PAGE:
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View Full Version : How do you measure pipe to put three legs on it?

Humbertslawncare
05-13-2012, 08:57 AM
If you have a piece of 1" or 2" pipe that you are using to put a sprinkler head on, how do you figure out where to mark and put three legs on it, so that it will stand up in a field. I can look at the pipe and can not figure out the right way to place three flat bars or 1/2" tubing to make it right. Just like building home made jack stands, how did you fugre out where the legs were spaced out on the main pipe or tubing? I have been fitting and welding structual steel for 18 years, but I have never worked with pipe. Thanks in advance for your help.

DSW
05-13-2012, 10:08 AM
If you want to make a 3 legged item equally spaced around a round pipe, you dived the 360 deg of a circle by 3 giving you 120 deg between each leg. I usually rough a scale drawing out on my table where I want the legs to fall around the center and use that to help position the legs for tacking.

WyoRoy
05-13-2012, 10:08 AM
Cut a piece of paper to wrap around the pipe, come in 1/4 of the way on each end of the paper and place a mark at each location. Wrap the pipe and mark where the ends meet and the two 1/4 way-in marks and you'll have the pipe marked out for 120 degree placement for your legs.

Farmerboy
05-13-2012, 10:19 AM
circumference is diameter times 3.14 then divide that by three, I would most likely use the paper method that was stated above, that way you can Mark out a few locations and even at top and bottom point so they all line up on the pipe, (the paper is just a flexible rule), I like the use of paper dry wall tape.

to get a straight mark on the pipe, lay the pipe down put a block of some thing along side of the about 1/2 the height of the pipe and mark it , it should be straight if your block and pipe are on a flat surface,

Humbertslawncare
05-13-2012, 10:48 AM
Thank you all very much. You all make it sound and look simple. I am going to get working on this now. Thanks again and have a great day.

BD1
05-13-2012, 09:02 PM
If all you want to do is make a pipe stand for the head ; take the length of two inch pipe and divide into thirds. Then mark at the height you want the legs the long way.If you want legs about 24''.mark at 30". Cut the line with cutting wheel to desired height. Heat at height mark end of cut and separate pipe into three pieces that will be the legs forming the tripod. Then you just add steel to base to hold together, rebar would work too.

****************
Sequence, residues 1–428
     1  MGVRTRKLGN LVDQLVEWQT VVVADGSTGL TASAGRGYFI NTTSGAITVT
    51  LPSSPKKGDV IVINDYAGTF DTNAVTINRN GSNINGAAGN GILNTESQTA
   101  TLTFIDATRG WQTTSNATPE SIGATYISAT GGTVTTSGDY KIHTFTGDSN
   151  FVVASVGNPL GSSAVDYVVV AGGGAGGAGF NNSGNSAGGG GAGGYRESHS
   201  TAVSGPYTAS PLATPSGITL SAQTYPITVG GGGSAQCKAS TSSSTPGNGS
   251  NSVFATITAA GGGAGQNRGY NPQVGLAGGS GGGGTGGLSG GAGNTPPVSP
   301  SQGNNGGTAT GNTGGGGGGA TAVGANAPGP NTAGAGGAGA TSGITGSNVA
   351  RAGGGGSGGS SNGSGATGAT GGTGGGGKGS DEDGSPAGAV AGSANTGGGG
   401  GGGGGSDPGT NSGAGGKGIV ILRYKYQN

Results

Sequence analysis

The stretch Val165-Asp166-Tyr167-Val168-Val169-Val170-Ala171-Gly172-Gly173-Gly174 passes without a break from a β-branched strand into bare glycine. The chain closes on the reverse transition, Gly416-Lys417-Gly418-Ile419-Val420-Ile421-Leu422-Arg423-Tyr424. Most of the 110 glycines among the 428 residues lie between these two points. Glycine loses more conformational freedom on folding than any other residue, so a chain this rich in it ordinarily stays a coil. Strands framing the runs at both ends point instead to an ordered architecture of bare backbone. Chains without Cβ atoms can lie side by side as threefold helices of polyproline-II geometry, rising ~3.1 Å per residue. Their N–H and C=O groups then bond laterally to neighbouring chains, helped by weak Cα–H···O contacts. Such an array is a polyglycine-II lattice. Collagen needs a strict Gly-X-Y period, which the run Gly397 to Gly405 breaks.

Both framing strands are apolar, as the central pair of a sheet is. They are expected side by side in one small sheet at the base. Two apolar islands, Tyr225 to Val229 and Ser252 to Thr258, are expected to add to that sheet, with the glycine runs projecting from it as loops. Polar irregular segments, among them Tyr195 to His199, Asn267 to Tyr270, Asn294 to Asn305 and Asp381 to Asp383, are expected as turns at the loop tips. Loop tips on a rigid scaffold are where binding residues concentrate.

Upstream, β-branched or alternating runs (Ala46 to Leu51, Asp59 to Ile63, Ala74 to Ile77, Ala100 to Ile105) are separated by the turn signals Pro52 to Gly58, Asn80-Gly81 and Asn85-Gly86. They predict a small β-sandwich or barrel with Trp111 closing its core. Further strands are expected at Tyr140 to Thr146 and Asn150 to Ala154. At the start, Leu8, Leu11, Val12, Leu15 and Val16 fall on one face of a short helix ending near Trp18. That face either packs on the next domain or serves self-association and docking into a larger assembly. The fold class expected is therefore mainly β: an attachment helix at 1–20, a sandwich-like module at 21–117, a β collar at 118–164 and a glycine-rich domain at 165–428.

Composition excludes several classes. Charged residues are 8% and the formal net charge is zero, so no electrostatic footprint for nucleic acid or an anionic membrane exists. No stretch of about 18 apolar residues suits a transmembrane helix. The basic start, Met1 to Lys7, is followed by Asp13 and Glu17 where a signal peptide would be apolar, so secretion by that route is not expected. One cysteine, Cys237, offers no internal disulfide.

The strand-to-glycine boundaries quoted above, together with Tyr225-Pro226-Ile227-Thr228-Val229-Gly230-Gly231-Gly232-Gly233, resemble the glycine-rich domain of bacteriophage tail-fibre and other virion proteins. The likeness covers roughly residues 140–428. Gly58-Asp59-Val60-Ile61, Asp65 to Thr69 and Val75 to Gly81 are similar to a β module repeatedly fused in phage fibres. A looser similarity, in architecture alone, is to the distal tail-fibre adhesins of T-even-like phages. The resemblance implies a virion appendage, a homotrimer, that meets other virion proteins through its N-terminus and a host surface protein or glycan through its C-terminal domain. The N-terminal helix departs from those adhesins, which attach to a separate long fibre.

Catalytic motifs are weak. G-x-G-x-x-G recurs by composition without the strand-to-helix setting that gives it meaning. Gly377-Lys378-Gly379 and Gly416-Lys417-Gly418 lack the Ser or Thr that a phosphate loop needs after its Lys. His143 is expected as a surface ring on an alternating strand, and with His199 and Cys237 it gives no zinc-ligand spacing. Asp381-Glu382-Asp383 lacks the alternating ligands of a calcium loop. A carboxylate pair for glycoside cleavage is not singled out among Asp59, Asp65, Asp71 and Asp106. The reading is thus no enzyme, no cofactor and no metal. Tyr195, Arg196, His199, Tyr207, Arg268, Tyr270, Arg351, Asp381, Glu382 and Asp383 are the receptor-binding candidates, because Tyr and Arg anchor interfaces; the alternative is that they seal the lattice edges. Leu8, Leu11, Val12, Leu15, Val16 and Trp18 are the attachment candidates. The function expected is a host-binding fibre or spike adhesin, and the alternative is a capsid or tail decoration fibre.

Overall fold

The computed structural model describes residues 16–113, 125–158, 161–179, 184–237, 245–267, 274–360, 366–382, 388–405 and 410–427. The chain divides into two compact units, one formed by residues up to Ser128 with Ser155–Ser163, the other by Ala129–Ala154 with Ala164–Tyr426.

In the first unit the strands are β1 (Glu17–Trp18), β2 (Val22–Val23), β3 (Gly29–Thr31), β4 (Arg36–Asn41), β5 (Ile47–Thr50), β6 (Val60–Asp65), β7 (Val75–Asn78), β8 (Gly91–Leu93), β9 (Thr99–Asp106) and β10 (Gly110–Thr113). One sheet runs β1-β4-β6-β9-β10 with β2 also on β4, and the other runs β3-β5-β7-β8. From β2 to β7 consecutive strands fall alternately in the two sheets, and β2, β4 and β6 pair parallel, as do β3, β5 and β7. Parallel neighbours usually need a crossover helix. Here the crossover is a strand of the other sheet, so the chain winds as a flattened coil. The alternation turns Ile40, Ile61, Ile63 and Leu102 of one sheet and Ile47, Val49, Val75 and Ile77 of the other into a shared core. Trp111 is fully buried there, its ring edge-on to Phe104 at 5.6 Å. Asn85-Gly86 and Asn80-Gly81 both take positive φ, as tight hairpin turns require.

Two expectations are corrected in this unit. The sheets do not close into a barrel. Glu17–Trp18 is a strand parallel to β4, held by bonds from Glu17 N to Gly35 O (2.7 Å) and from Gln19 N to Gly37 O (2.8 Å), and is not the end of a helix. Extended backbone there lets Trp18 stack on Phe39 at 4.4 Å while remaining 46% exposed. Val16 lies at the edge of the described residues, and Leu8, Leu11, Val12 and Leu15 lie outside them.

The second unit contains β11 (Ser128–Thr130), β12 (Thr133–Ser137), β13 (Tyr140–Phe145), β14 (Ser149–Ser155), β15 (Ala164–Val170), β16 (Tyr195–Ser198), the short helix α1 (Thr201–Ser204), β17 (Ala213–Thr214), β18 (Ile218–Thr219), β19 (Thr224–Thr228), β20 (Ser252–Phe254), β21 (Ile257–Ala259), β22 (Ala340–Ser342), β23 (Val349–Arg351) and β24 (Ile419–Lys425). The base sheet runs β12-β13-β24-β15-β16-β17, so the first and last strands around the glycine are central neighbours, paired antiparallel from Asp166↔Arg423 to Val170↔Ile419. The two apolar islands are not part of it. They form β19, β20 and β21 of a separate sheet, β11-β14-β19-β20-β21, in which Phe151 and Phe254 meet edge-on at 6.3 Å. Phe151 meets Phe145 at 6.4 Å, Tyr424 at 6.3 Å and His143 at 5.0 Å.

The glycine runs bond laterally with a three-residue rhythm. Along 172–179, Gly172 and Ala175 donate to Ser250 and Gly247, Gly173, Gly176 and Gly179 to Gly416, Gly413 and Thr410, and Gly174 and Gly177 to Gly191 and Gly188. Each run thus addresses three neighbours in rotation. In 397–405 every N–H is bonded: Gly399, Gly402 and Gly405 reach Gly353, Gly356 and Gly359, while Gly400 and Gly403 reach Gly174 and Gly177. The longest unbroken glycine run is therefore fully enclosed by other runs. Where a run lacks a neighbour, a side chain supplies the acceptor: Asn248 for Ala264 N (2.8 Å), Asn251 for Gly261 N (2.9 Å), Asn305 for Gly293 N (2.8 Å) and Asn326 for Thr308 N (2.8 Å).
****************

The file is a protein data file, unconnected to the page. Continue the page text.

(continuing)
Warpspeed
05-13-2012, 09:53 PM
I would get an ordinary compass and set the legs say an inch apart, to draw a two inch circle (for two inch OD tube). Draw the two inch circle on a piece of paper, then go around the circumference of the circle, and divide the circumference into six equal parts using the compass at the same setting. With a ruler you can then draw lines from the center out in six equal sixty degree lines. Three of those lines will give you exactly what you want.

DSW
05-13-2012, 11:03 PM
I would get an ordinary compass and set the legs say an inch apart, to draw a two inch circle (for two inch OD tube). Draw the two inch circle on a piece of paper, then go around the circumference of the circle, and divide the circumference into six equal parts using the compass at the same setting. With a ruler you can then draw lines from the center out in six equal sixty degree lines. Three of those lines will give you exactly what you want.

A simpler way is to simply run a straight edge thru the center of your circle drawing the center line in my original drawing and then using a 30 / 60/ 90 triangle to draw a line to center 60 deg on each side of the original line.

I keep an old cheap drafting square ( a drywall square works well for larger stuff.) and a 30/ 60 triangle as well as a 45 deg triangle by the tool box for layout.

Sandy
05-14-2012, 12:35 AM
Sneak into the house, find your wife's sowing stuff, get that neat cloth tape they use for their sowing, put that in your pocket and get back out to the shop. Now wrap that nice flexible cloth tape around your pipe and make three equal distance marks.

Hide that tape in one of your secret hidy holes because she'll catch ya trying to sneak it back into her stuff. :)

That's what a guy told me he did anyway. He says it works great for pipe.

Scott Young
05-14-2012, 02:03 AM
Sneak into the house, find your wife's sowing stuff, get that neat cloth tape they use for their sowing, put that in your pocket and get back out to the shop. Now wrap that nice flexible cloth tape around your pipe and make three equal distance marks.

Hide that tape in one of your secret hidy holes because she'll catch ya trying to sneak it back into her stuff. :)

That's what a guy told me he did anyway. He says it works great for pipe.

:laugh:yep the last time I got caught was when i was trying to sneak something back into her goodies.

denrep
05-15-2012, 12:20 AM
This is really simple, but difficult to explain. I was gonna try to just say it, but I figured some pictures would help.

About everything described above will work, but the methods may require more tools and memory than you may have the next time the need to divide a circle arises.

So I suggest to simply remember that at it's most basic aspect the layout of locating the three legs is the same as centering over a circle with a triangle which has all three sides of equal length, an equilateral triangle.

I know that you know that drawing a 24" line over a steel L square, from one leg's 12" mark to wherever it lands on the square's other leg (20.79") mark) would create a right triangle, with one 24" side and one 12" side, which is half of an equilateral triangle with all three sides being 24" sides. Thus, flipping the square 180 degrees and again connecting a line from 12" to 20-3/4" (okay, 20.79") would create a completed equilateral triangle.

But who's gonna remember all that?
Although you can remember that all three sides of an equilateral triangle are the same length, and that basically you are creating an equilateral triangle to be centered over a circle. And since 24" levels and rules are common, you also can remember that half of 24 is 12.

So...
1) Split the circle at it's largest diameter with a line and rest a square against the line; center 10-3/8 (close enough to half of 20.79") at the circle's center. In my example the square's heel happened to land almost on the circle's edge, so that it would rest in place for the picture.